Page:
The Great Resignation


“What does the research say?” is one of my favorite go to questions when working with clients to develop confident and courageous leaders.

In a recent article from Harvard Business Review, Ian Cook asks the question, “Who is driving the great resignation?” Looking at the data we see that more Americans are quitting their jobs than ever before.

According to the US Bureau of Labor Statistics, resignations peaked in April. According to the article, these resignations have remained abnormally high over the last few months, creating a record-breaking 10.9 million open jobs at the end of July.

I encourage you to go and read the article.

Ian Cook offers insights into why he thinks this is happening. He provides organizations a practical and straightforward way to consider how resignations are impacting the company.

Now back to my original question, “What does the research say?”

When people ask me what I do for a living, one of my standard answers is to say I read the research and then I work with organizations who want to help their leaders grow their confidence and lead with courage.

I look to see if my experience inside of that organization lines up with what the research says. I use the research to help my clients make informed decisions.

I also offer my own ideas and insights. In the case of a great resignation here are a few ideas worth considering that the writer doesn’t include in the article.

We are at an inflection point in business today.

The last 18 months has revealed that the state of things is not great. People were given the opportunity in many cases to self direct their work. They had the flexibility to do their work from home. And overwhelmingly the research supports not only that work from home is sustainable for the long term, but a lot of people prefer it over an in person work arrangement.

Unfortunately many businesses want to return to, “But this is how we’ve always done things.”

They want to return to the world of work in the pre-Covid world.

Sadly that does not exist and for the foreseeable future it doesn’t seem that will be going back there anytime soon.

With that in mind here are my own practical ideas to consider.

  • Have you taken the time to ask your people what their preferences are and have you made an effort to accommodate them? There’s a BIG difference between listening to your people and then going ahead and doing what you wanted to do in the first place versus listening to them and doing something with the information that you learn. Perhaps pre-Covid this process was one that could work but today’s worker has reached a point of intolerance when it comes to a standard practice of “we pretend to listen to our people and then do what we want.”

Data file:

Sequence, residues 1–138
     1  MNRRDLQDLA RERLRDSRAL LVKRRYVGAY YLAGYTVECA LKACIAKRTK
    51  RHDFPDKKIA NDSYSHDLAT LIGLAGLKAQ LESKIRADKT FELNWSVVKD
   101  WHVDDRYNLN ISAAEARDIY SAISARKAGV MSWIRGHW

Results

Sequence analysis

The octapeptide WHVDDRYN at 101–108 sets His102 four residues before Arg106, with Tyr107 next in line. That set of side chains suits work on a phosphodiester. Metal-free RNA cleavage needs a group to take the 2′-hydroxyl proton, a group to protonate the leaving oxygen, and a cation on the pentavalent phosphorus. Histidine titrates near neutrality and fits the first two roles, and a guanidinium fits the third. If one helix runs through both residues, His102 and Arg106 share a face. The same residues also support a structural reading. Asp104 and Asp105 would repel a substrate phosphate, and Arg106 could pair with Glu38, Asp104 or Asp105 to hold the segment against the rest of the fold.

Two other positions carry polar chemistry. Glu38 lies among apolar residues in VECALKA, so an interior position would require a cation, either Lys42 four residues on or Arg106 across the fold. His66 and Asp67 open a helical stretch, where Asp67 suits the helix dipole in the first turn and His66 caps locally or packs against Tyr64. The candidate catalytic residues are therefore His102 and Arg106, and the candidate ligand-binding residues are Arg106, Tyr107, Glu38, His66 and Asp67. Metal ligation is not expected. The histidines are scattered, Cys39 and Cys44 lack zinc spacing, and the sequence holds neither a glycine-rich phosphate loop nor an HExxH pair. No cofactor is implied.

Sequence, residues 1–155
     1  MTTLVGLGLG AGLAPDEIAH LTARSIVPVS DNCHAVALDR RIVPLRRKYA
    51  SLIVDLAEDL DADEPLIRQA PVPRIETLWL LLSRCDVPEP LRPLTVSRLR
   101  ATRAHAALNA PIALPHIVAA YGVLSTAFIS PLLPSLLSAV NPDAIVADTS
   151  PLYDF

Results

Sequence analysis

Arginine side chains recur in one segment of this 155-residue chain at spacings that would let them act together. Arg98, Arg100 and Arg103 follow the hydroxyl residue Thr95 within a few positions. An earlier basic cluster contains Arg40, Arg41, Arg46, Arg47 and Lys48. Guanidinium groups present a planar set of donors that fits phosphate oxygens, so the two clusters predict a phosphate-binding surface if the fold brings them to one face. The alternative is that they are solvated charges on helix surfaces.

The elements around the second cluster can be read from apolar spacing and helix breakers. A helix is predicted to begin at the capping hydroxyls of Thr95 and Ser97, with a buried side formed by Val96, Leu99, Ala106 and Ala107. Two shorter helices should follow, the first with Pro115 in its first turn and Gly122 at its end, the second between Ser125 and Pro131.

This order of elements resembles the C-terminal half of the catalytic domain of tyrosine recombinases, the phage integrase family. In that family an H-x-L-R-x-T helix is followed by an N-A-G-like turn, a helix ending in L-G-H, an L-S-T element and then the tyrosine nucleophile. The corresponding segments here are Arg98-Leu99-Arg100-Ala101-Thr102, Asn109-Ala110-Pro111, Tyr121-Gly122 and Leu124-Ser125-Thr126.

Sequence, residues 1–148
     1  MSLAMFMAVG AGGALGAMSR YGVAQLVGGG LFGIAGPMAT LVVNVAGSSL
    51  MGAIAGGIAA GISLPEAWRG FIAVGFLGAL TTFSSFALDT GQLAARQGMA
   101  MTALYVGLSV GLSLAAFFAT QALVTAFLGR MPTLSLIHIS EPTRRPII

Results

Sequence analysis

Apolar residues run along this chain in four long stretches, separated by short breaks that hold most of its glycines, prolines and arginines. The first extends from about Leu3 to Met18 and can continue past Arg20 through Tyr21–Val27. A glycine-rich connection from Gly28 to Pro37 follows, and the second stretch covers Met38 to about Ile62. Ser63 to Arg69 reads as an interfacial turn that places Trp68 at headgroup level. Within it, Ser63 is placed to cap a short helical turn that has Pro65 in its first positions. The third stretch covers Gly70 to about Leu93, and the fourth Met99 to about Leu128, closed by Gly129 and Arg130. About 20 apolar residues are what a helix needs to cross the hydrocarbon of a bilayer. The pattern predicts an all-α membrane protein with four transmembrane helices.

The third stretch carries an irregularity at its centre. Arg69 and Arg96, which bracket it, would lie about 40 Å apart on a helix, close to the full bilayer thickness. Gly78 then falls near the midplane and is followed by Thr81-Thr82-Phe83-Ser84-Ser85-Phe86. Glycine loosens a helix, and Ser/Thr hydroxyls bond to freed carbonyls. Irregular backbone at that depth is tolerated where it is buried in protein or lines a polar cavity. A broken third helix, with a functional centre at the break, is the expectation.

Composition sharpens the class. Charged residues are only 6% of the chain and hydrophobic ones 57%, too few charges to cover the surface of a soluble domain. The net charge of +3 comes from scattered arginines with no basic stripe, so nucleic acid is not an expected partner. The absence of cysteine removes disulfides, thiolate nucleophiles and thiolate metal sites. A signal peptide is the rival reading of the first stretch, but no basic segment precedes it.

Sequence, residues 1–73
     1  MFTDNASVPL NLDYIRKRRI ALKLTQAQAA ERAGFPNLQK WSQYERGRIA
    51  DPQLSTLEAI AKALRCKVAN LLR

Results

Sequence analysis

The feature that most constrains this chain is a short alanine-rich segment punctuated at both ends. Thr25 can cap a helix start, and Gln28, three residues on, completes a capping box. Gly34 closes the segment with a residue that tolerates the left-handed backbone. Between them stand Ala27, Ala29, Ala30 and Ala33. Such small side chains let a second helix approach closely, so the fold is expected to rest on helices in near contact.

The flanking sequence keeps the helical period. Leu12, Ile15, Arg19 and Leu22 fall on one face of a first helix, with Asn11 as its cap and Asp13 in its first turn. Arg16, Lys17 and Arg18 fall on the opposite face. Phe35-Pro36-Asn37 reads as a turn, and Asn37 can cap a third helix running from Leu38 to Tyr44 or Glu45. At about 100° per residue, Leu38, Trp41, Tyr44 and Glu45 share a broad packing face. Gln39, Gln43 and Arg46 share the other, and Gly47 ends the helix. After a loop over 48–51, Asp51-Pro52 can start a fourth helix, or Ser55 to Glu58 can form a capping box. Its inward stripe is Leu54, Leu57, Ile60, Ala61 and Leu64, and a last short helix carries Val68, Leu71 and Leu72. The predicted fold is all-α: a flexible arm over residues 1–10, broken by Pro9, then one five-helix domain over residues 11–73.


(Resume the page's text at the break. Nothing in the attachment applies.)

• Are you staying operationally minded and forsaking the interpersonal and relationship piece of doing business? There is a lot of pressure on companies and organizations to be productive. A profitable company is always the goal and you simply can’t stay in business if you’re not making money. But if that’s happening at the expense of your people, then be prepared for your people to leave. Gone are the days of our parent’s generation where they would simply tough it out and count the days to retirement when they received a pension and a gold watch. Today’s worker simply doesn’t operate from that mindset. They can and will leave you.

  • When is the last time you benchmarked salaries and benefits packages? This should be done every 2 to 3 years, looking at not only organizations in your profession and industry, but looking at the market place in which your organization resides. If you cannot offer a competitive salary and benefits package, be prepared for your people to leave you. The reality is few people begin and end their job with one organization. Many people have read the books and articles that tell them, “If you want to grow your salary leave your job”. They are acting on that information. I have heard multiple stories of people who left and increased their salary by 20%, 30%, and a couple of cases where the person doubled their salary.

  • Do your people have a good work relationship with their manager/supervisor? Overwhelmingly the research supports that one of the top reasons a person leaves their job is because of the relationship that they have to their immediate supervisor. It doesn’t matter how great your organization, if they have a miserable manager who doesn’t treat them with respect and dignity, who micromanage their every move, and who simply don’t listen to their ideas and input, then prepare for them to leave. Again, gone are the days that a person will suffer through having a terrible manager. What mechanisms do you have in place to assess the quality of your managers and supervisors? How close attention are you paying to these critical roles of manager/supervisor and how they treat their people? If the only metric you use is output and you judge a manager by the bottom line you may have an issue.

If this week's newsletter feels a bit preachy, my apologies. I tend to get pretty fired up about this topic. All too often companies bury their head in the sand and pretend that it’s not them who have these problems--these kinds of articles are for other organizations, not ours. But at this point, if you are experiencing a great resignation, it is paramount that you take the time to understand why.

If you don’t know where to begin, consider working with an outside organization. We work with organizations all over the world to help them grow confident and courageous leaders. Inside of that work is numerous opportunities to dig in to these challenges mentioned above.

So if this hits close to home, let’s talk.

Libby